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Spotlight: South Carolina’s Automotive Industry

BMW. Michelin. Nissan. CU-ICAR. The relationship between the automotive industry and South Carolina—particularly the Upstate—continues to grow. Learn more about the strength of this industry in South Carolina and what it means to the state’s economy.

BMW Spartanburg Plant, Credit: bmwblog.com

BMW Spartanburg Plant, Credit: bmwblog.com

More and more businesses serving the automotive industry are relocating to the state—no double thanks to South Carolina having one of the strongest business incentive packages of all U.S. states. One of the latest additions was announced in March of last year, with Mercedes-Benz’s plans to move production of its Sprinter commercial van to North Charleston.

Automotive-related companies are located in 40 of South Carolina’s 46 counties and make everything from seats, radiators, windshields, hydraulics, tires, plastics, cables, fuel tanks, fuel systems, brakes, transmissions, glass, aluminum, steel, carpet, windshield wipers and dozens of other components.1
South Carolina was ranked third in the nation in in Business Facilities magazine’s 2012 Rankings Report for automotive manufacturing strength.2 The state has also been the No. 1 exporter of tires for several years now, in large part due to the Port of Charleston.1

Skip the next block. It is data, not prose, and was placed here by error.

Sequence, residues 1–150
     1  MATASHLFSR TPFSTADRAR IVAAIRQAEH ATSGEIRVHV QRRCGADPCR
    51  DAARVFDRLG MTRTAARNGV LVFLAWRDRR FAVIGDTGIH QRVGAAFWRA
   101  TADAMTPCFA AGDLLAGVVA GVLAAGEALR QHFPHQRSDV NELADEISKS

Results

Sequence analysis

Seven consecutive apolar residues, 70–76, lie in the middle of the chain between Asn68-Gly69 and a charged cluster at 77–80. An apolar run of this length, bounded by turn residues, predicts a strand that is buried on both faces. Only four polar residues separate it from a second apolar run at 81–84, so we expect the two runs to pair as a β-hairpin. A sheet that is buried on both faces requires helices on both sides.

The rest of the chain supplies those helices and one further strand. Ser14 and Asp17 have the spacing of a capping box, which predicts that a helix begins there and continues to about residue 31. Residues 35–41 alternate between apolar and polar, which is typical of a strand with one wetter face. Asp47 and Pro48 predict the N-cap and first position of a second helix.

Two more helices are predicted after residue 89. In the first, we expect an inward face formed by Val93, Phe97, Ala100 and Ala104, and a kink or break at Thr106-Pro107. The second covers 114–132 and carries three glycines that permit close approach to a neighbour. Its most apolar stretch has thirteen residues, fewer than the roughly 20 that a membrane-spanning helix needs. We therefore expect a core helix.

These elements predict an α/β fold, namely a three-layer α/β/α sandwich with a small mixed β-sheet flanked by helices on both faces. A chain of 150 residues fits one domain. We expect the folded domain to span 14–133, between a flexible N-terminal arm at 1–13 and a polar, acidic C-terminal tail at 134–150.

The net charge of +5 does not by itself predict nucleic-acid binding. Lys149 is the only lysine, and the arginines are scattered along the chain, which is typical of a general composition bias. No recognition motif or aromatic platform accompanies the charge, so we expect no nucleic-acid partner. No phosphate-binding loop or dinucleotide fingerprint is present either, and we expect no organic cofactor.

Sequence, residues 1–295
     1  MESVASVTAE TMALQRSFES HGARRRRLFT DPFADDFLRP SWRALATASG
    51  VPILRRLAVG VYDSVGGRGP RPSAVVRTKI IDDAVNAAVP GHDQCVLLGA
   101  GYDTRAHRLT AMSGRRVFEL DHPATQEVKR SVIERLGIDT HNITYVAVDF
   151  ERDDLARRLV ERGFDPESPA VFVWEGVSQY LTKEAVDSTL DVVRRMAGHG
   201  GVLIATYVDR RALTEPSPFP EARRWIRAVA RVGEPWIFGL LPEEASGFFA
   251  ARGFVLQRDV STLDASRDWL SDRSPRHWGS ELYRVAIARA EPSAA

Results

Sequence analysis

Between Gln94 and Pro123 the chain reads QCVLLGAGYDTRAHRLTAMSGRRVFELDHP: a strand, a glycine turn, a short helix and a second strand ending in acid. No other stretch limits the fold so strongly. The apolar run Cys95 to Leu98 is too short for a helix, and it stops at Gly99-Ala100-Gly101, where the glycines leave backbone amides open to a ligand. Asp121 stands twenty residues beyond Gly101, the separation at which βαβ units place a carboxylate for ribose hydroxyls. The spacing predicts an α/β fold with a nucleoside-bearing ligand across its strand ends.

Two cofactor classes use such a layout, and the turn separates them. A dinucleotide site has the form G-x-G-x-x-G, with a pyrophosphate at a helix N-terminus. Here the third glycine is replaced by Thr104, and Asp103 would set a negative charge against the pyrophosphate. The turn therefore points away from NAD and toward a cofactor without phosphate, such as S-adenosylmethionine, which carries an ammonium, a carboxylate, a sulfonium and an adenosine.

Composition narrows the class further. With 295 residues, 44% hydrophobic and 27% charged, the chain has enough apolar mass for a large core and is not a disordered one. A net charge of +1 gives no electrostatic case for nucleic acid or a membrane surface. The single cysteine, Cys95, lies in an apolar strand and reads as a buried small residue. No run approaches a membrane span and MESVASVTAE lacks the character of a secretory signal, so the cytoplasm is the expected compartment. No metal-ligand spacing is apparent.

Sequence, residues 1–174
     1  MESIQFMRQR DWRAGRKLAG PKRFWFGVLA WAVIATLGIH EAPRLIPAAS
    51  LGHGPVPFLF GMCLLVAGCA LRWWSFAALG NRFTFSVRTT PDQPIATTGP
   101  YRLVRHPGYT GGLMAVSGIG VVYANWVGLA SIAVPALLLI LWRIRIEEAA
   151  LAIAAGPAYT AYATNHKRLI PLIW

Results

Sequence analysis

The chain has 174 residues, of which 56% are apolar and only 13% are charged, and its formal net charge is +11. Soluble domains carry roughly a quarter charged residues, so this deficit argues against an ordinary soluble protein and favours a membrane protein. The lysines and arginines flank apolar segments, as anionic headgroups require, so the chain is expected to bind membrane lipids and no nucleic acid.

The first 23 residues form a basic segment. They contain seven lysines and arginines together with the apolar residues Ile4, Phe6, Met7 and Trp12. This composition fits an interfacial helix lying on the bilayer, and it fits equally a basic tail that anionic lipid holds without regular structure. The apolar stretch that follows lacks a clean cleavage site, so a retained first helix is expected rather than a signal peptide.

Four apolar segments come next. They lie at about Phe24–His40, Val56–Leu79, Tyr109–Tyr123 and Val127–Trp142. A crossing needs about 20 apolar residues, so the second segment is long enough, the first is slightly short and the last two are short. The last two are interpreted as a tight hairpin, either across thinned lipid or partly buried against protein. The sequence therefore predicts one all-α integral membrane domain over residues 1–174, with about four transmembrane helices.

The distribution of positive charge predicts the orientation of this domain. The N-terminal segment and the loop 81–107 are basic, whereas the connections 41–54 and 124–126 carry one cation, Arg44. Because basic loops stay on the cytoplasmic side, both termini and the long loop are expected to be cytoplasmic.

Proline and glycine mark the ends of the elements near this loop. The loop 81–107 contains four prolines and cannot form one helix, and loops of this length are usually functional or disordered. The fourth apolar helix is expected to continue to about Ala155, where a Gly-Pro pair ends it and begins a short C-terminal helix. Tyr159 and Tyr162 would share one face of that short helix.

South Carolina has attracted automotive innovators since the early 1900s, when Milliken & Company in Spartanburg manufactured special fabric for the seats and roofs of Henry Ford’s automobiles.3 Yet, what really fueled the growth was when BMW Manufacturing Co. decided to locate to Upstate South Carolina in 1992. Since then, the plant in Spartanburg has contributed an estimated $4.6 billion to South Carolina’s economy. BMW is responsible for 23,000 jobs in the state and generates $1.2 billion in annual wages and salaries.4

CU-ICAR Campus, Credit: cuicar.com

CU-ICAR Campus, Credit: cuicar.com

The relationship between South Carolina and the automotive industry continued to grow when the state, BMW, and Clemson University decided to establish an automotive and motorsport research center in Greenville. The Clemson University International Center for Automotive Research (CU-ICAR) was founded in 2007 and is home to the Clemson University Graduate Engineering Center, which offers advanced degrees in automotive engineering and motorsport technology.4

Today, according to the S.C. Department of Commerce (as cited in a March 2015 news article), there are over 400 companies in South Carolina that produce automotive parts; that’s up from 305 in 2008. In 2008 (the last year for which figures are available), the auto industry pumped $27.1 billion into South Carolina’s economy.1

 

1 The State, “Auto industry expansion across South Carolina causing economic tidal wave,” http://www.thestate.com/news/business/article13758719.html

2Business Facilities, “2012 Business Facilities Rankings Report,” http://businessfacilities.com/2012/08/2012-business-facilities-rankings-report/

3http://www.scautoindustry.com/

4 Greenville Area Development Corporation, http://www.greenvilleeconomicdevelopment.com/automotive.php

 

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